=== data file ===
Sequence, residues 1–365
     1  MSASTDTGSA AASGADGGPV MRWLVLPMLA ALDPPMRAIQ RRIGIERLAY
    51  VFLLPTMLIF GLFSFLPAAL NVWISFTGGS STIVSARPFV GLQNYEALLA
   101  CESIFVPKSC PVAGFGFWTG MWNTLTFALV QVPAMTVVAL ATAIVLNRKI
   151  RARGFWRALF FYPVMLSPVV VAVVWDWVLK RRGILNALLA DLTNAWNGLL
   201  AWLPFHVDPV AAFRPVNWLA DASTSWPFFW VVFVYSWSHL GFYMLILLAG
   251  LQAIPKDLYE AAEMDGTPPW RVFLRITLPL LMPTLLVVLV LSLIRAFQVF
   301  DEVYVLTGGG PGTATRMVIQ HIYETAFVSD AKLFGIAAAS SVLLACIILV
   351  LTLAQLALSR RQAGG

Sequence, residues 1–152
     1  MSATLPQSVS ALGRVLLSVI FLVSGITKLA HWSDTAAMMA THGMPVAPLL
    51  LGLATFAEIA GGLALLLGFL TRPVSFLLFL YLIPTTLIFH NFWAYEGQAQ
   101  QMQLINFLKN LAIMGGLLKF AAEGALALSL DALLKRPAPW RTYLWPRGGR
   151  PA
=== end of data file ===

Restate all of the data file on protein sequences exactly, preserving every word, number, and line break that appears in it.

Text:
Sequence, residues 1–365
     1  MSASTDTGSA AASGADGGPV MRWLVLPMLA ALDPPMRAIQ RRIGIERLAY
    51  VFLLPTMLIF GLFSFLPAAL NVWISFTGGS STIVSARPFV GLQNYEALLA
   101  CESIFVPKSC PVAGFGFWTG MWNTLTFALV QVPAMTVVAL ATAIVLNRKI
   151  RARGFWRALF FYPVMLSPVV VAVVWDWVLK RRGILNALLA DLTNAWNGLL
   201  AWLPFHVDPV AAFRPVNWLA DASTSWPFFW VVFVYSWSHL GFYMLILLAG
   251  LQAIPKDLYE AAEMDGTPPW RVFLRITLPL LMPTLLVVLV LSLIRAFQVF
   301  DEVYVLTGGG PGTATRMVIQ HIYETAFVSD AKLFGIAAAS SVLLACIILV
   351  LTLAQLALSR RQAGG

Sequence, residues 1–152
     1  MSATLPQSVS ALGRVLLSVI FLVSGITKLA HWSDTAAMMA THGMPVAPLL
    51  LGLATFAEIA GGLALLLGFL TRPVSFLLFL YLIPTTLIFH NFWAYEGQAQ
   101  QMQLINFLKN LAIMGGLLKF AAEGALALSL DALLKRPAPW RTYLWPRGGR
   151  PA